“Nor Any Drop to Drink”

0 Flares Filament.io 0 Flares ×

Nowhere is the “disconnect” of modern American life
more apparent than in our relationship with water. We all
know that water is necessary for life. We know that water
is a precious resource and that our future requires the
most careful and vigilant stewardship of our water supply.
And yet, walk in the kitchen, turn the faucet, water comes
out. It’s clean and safe: you can drink it! It’s the quintessential
American achievement.
We know that water pollution and water shortages exist;
they exist here in our country, in our state, and in our
county, but somehow this has no sustained impact on our
everyday reality. An occasional boil-order notwithstanding,
our experience encourages complacency. Illinois water-use
laws reflect this myopic view; based on ill-defined “reasonable
use” standards, the law offers little support for water
conservation or long-term protection of our water supply.
Turn the faucet! The water’s there waiting.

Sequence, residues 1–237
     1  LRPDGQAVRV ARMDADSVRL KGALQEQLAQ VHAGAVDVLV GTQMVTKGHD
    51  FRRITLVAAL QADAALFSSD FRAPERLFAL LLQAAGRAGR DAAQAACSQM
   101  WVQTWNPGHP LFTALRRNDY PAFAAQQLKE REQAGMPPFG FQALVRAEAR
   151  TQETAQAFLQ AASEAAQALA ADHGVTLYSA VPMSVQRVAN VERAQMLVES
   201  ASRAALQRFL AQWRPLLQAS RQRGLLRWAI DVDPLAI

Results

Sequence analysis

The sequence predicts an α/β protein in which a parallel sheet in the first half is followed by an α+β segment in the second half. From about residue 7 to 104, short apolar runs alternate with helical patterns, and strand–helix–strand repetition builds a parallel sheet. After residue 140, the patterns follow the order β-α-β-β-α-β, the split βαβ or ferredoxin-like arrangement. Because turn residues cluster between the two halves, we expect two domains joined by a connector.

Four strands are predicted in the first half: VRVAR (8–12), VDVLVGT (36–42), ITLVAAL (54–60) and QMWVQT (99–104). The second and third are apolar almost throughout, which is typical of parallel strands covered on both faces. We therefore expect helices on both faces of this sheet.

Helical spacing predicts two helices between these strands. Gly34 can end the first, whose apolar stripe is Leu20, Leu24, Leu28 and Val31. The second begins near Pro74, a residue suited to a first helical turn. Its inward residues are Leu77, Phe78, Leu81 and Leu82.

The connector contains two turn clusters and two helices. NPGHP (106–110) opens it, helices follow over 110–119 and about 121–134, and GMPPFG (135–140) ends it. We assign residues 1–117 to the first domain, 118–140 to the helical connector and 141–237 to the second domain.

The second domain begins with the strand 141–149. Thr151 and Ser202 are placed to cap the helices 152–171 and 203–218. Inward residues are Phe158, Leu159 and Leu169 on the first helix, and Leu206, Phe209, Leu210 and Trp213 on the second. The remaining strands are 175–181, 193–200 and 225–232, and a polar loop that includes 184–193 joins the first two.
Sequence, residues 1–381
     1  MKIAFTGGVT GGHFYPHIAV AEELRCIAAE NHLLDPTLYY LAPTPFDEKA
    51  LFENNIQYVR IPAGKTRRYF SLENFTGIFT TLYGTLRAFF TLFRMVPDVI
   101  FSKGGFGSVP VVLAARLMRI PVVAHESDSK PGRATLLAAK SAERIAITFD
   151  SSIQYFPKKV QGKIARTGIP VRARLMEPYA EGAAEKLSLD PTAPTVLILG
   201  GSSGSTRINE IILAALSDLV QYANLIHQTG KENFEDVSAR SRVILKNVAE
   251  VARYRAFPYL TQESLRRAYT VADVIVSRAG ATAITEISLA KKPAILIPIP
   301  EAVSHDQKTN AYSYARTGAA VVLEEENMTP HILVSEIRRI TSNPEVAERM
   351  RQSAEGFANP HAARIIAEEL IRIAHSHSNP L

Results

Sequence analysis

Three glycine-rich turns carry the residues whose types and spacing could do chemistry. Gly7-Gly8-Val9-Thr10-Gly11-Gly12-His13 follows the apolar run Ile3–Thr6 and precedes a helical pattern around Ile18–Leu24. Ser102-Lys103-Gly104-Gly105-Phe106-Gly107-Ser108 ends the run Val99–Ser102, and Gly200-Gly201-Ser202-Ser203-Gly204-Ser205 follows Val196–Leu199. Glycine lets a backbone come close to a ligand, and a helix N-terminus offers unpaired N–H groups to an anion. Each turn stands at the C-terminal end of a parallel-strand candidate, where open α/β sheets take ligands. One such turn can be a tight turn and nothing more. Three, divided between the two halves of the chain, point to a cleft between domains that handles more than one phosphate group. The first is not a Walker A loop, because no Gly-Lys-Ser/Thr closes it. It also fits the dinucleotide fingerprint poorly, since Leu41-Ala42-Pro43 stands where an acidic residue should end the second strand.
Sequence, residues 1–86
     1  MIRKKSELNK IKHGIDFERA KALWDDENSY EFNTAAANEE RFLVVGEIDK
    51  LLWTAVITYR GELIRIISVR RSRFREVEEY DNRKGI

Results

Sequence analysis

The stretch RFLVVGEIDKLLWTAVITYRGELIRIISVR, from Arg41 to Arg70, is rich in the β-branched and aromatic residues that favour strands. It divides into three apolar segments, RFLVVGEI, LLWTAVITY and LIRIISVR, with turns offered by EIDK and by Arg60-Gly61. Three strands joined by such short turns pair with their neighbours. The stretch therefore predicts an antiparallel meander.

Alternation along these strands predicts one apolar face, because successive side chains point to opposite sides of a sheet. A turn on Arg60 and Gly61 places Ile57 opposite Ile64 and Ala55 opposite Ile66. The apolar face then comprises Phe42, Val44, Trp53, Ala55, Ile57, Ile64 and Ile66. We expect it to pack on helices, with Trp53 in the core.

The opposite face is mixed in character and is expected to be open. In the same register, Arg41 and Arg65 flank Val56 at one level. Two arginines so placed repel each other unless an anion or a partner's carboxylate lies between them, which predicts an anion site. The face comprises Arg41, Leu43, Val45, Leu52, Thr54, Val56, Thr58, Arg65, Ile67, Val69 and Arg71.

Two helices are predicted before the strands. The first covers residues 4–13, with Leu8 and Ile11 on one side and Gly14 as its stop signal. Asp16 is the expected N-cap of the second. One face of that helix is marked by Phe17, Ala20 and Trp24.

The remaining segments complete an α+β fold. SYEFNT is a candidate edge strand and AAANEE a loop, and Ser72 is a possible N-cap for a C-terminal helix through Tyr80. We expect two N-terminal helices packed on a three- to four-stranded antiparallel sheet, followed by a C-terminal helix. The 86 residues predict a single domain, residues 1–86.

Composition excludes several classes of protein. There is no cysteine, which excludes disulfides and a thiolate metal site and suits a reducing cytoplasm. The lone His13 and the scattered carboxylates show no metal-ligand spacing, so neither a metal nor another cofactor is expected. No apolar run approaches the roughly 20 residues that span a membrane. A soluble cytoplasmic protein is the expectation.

Would that it were true and true forever! Luckily,
Champaign-Urbana is currently in a very fortunate situation,
water-wise. Our water comes from the Mahomet
Aquifer and it is an abundant and nearly pristine source.
The aquifer, a 3700 square mile area of porous water-saturated
sand and gravel, held by bedrock on the bottom and
sides and topped by nearly watertight clay-rich glacial till,
spreads from north of Danville on the Illinois-Indiana border
to the southeastern corner of Tazewell County. Formed
by the retreat of Ice Age glaciers, it is currently serving up
drinking water that fell on earth between three and ten
thousand years ago.
An aquifer is a renewable resource. As part of the hydrologic
cycle, some water will return to the aquifer and
“recharge” it. However, we must think in geological time:
rain falling on Champaign County today will travel to the
aquifer at the rate of about one inch per year, completing its
recharge function in approximately three thousand years.
Remember, too, that human development affects this cycle:
converting prairie and forest to cropland and cities tends to
reduce the amount of water that makes it to the aquifer.
Ours is prize-winning water. Illinois American Water has
brought home “Best of the best” honors for two years running
from the American Water Works national taste test
competition. Recently, concerns have been raised over naturally
occurring arsenic in the water, but this is a minor
issue, for now, as this level of arsenic is easily dealt with at
the water treatment plant. A deep aquifer like the
Mahomet is not immune to outside contamination, but it